Wednesday, August 25, 2010

Poor Parenting in Action: When People Need to Shut Up

  Last night, I witnessed some really poor parent behavior in action. The story is worth sharing because if you are a parent and your kid plays football or other team sports, you might run into a similar situation if you already haven’t. It took place at the close of a practice scrimmage for my son’s varsity football team. Here’s how it went down:

  With only a few days left before the start of the season, the coaches decided to have a practice scrimmage against the JV (Junior Varsity) team. The goal is to give everyone a chance to play and see how they fare. All the coaches are volunteers and they don’t get paid for their time and effort, which can be considerable when you factor in the after work commute and all the preparation that goes into planning a practice.

  Every few downs, the coaches ask the kids who hasn’t been in the game yet. The players are supposed to stay close to the coaches on the sideline and raise their hand to let the coaches know if they haven’t been given any playing time. Usually this system works OK, but the starters still seem to get more action than some of the other kids. Unfortunately, one kid got passed up last night. I don’t know whether or not he didn’t raise his hand when prompted, or maybe he was just shy. Maybe he wasn’t paying attention, I don’t really know. But I can tell you that the exchange between the father and the coach after practice was not a very pretty sight. The father was obviously very irritated that his son was not included, and he let the coach know in no uncertain terms how he felt. Specifically, he called the coach a “ f***ing a-hole” and a “motherf***r” in front of the whole team as well as the other parents. The coach responded by getting equally pissed off and letting everyone know that he drives an hour each way to give his time every night, and that he doesn’t “need this s**t”.

  While the kid in question is somewhat overweight, I don’t think his being overlooked was intentional by any means. It gets dark earlier now and there are no lights on the field, so sometimes it’s hard to tell who is who. Also, there are four different coaches, and for some reason, the parent singled out the offensive coordinator as the perpetrator of the perceived injustice. Although he is not the head coach, he is probably the most vocal coach and as football coaches often do, they yell. I’m not saying that this is a good thing, but it seems to be part of the game.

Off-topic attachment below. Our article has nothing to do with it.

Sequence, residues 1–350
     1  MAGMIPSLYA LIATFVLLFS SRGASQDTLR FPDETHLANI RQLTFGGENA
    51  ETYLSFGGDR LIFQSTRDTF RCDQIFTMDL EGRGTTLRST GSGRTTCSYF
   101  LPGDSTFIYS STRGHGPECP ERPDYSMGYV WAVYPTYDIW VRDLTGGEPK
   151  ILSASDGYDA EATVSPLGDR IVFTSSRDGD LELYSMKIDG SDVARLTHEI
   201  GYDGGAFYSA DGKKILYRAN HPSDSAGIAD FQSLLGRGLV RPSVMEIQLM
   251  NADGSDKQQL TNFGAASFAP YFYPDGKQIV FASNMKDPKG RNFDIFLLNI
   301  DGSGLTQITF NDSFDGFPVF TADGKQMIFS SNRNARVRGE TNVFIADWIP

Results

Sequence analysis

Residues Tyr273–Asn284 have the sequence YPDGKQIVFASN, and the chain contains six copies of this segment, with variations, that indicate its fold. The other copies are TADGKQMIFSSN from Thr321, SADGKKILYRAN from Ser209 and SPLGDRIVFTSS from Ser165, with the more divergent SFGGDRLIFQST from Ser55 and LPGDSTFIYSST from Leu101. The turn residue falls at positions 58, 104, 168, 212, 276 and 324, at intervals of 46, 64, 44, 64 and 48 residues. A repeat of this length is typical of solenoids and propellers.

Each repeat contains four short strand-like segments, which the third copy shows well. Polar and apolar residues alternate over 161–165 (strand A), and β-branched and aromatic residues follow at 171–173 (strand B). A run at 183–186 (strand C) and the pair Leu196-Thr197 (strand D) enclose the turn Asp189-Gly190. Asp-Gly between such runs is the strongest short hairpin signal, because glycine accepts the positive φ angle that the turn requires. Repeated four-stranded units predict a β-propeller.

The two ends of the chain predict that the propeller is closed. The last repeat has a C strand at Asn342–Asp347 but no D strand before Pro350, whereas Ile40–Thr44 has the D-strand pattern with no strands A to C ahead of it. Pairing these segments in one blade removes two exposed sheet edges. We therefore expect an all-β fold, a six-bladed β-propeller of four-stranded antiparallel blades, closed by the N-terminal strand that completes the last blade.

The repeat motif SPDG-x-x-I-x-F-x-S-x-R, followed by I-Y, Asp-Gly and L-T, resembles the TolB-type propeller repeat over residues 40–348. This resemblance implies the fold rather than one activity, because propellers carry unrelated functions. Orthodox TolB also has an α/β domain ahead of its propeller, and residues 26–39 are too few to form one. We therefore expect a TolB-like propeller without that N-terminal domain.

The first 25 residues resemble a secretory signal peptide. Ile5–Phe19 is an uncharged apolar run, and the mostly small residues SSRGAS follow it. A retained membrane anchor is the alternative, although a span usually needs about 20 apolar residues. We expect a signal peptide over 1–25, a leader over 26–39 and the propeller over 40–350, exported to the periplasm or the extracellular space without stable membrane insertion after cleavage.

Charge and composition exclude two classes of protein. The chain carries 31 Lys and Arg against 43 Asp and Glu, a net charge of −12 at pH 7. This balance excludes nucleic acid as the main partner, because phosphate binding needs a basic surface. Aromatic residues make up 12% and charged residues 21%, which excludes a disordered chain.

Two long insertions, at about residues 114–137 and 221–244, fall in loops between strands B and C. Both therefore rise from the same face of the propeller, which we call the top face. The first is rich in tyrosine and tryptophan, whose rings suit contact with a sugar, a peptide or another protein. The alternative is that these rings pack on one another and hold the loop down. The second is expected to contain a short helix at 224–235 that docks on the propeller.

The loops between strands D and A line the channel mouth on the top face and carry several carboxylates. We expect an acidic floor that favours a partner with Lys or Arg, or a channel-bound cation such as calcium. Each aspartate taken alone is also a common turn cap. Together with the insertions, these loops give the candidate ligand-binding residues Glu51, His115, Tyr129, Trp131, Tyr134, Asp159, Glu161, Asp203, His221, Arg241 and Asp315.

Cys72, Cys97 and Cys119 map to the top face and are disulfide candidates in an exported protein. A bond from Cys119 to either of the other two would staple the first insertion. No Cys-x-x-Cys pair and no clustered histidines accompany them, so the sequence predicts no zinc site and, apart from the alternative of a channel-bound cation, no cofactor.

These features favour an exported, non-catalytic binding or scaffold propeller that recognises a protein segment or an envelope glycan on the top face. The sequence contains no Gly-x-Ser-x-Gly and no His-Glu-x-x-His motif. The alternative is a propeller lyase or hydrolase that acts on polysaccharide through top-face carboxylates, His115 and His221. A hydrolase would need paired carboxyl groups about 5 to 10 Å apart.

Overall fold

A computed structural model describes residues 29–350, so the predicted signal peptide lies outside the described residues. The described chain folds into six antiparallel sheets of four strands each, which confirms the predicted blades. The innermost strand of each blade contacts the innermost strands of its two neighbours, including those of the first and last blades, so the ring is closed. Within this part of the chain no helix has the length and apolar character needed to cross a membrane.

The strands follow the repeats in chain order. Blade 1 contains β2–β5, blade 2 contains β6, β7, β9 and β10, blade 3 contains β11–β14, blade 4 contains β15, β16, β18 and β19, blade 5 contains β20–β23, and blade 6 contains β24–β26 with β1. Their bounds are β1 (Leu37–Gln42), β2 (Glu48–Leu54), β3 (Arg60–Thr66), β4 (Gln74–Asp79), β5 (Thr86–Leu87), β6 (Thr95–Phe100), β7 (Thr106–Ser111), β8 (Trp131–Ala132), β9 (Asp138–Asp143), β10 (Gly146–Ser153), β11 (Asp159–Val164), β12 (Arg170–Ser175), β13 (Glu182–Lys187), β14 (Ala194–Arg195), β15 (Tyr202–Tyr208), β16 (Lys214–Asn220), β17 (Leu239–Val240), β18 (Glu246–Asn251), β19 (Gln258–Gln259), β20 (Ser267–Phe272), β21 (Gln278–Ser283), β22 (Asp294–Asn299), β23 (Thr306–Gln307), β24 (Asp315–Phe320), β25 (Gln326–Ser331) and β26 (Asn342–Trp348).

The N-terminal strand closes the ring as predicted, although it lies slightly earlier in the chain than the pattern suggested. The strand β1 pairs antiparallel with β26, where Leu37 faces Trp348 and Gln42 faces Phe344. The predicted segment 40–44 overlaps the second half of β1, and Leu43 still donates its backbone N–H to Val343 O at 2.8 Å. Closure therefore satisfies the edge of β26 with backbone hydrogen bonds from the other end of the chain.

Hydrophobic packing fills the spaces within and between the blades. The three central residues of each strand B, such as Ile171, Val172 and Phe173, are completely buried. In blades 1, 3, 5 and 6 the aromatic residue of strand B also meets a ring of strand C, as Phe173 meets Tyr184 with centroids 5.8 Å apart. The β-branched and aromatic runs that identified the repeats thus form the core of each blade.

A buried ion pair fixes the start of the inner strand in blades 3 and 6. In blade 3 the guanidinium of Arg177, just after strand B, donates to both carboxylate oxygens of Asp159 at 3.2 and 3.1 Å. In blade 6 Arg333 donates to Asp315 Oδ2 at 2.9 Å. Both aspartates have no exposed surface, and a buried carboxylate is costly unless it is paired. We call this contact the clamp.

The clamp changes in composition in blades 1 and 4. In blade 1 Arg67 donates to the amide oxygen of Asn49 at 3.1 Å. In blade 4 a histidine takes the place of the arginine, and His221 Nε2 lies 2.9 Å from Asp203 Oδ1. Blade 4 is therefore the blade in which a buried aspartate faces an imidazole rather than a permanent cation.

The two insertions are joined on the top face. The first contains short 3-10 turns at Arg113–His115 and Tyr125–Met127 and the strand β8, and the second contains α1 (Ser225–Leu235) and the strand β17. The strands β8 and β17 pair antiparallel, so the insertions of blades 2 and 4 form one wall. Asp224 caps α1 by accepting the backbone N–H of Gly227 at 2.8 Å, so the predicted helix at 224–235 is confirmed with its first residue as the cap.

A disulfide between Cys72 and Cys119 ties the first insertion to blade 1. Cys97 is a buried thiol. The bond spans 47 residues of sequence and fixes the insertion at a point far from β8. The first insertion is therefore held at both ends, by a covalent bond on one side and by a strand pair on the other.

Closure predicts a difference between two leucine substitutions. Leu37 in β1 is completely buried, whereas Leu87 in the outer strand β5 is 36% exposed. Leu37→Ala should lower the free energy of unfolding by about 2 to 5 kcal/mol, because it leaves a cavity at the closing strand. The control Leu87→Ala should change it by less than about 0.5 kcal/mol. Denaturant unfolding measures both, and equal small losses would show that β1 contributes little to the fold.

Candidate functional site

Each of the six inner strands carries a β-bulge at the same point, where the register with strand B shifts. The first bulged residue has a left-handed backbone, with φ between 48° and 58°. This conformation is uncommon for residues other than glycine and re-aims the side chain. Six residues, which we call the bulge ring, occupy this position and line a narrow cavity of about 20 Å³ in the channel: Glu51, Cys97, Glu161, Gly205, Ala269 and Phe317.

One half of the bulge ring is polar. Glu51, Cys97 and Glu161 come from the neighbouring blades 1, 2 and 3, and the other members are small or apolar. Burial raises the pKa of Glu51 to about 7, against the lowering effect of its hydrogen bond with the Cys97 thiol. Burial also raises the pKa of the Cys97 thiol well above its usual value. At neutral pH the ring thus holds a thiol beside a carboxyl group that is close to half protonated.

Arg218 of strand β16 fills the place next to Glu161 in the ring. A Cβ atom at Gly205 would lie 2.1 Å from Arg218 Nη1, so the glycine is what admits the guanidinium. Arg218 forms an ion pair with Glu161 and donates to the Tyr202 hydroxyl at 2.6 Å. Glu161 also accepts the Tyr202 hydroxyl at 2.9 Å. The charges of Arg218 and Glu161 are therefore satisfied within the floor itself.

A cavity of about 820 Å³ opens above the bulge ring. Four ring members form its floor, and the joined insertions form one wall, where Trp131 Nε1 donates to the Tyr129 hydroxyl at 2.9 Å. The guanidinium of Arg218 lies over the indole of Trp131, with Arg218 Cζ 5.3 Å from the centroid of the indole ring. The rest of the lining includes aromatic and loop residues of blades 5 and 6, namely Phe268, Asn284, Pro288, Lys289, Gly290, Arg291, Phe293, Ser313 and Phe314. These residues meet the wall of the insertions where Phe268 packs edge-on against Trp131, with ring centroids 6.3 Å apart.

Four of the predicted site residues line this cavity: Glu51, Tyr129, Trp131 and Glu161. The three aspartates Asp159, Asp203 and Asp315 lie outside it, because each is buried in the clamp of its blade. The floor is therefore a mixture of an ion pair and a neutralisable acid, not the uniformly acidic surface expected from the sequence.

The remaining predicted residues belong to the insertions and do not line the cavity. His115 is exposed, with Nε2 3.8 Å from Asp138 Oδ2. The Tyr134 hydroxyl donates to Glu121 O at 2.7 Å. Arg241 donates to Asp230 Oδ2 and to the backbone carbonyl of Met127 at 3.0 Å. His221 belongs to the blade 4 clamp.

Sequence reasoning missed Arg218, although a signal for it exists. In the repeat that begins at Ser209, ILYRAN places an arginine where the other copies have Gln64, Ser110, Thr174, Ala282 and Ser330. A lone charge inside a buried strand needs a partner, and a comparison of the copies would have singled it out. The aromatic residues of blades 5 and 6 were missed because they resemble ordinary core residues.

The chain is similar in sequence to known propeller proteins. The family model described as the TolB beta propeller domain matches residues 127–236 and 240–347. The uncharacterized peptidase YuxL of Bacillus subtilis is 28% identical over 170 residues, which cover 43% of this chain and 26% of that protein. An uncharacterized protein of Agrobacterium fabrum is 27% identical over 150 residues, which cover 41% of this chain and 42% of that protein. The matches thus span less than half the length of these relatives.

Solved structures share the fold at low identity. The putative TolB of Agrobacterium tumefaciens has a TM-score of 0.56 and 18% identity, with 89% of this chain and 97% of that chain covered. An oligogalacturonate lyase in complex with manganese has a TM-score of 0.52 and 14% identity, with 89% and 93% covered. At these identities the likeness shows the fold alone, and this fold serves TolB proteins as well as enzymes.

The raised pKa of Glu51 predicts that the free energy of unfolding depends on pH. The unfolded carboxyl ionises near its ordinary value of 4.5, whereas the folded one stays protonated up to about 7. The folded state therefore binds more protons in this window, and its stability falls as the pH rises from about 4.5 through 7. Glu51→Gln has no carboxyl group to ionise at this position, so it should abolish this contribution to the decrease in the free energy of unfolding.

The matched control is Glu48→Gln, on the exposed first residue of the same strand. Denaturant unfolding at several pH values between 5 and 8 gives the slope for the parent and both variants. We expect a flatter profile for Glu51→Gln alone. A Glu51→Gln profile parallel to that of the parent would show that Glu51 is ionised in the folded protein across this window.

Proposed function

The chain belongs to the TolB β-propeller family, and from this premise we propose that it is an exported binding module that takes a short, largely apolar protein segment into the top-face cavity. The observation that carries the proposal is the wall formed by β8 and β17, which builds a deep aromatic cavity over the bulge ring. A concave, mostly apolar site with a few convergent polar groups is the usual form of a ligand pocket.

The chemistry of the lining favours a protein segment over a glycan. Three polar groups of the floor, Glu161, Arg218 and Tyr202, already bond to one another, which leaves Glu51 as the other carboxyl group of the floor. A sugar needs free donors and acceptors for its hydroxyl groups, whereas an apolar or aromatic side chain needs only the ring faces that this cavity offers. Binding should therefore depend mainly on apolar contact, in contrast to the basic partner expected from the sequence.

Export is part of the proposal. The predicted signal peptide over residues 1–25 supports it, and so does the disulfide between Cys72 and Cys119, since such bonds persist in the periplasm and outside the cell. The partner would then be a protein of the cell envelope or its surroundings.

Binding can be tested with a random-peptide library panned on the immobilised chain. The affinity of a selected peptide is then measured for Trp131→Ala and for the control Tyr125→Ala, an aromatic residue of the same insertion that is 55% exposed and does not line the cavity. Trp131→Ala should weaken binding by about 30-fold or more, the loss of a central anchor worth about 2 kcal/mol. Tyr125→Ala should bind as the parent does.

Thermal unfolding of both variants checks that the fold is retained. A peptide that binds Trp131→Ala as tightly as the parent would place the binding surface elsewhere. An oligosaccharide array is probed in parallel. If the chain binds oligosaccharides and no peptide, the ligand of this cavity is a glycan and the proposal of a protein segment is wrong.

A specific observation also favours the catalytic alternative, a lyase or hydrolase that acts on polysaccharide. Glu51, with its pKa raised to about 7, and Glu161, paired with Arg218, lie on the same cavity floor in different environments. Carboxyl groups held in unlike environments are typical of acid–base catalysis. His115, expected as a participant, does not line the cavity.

I know that the kid probably felt bad because as a youngster, I was short and heavy and not particularly athletic. Usually, I was one of the last kids to be picked whenever teams were chosen, so I can understand the parent’s desire to be an advocate for his son. However, the ugliness that ensued cast a dark cloud over the whole situation and left the whole team feeling bad.

  Aside from the obvious bad example that the parent set, the situation points to a more pervasive problem that exists with a lot of parents in general. In an effort to make sure that their children are given fair treatment, some parents will do anything, even if it means embarrassing themselves in public. As role models for our youth, this is simply unacceptable. Kids today are constantly being reminded to not bully others and to report bullying by their peers to adults. Through their contradictory words and actions, parents expose their hypocritical nature for all to see. The result is to further erode our youth’s confidence in adults at a time in their lives when they may desperately need to make sense of an often confusing world.

  The really sad thing about this incident is that the kid who was overlooked will probably experience some backlash from the coach and possibly from his teammates. I hope I am wrong. In the end, the father did no favor for his kid by verbally attacking the coach and putting on a public display of anger for everyone assembled. We may even be without an offensive coordinator for our opening game this weekend, and that would indeed be a real shame.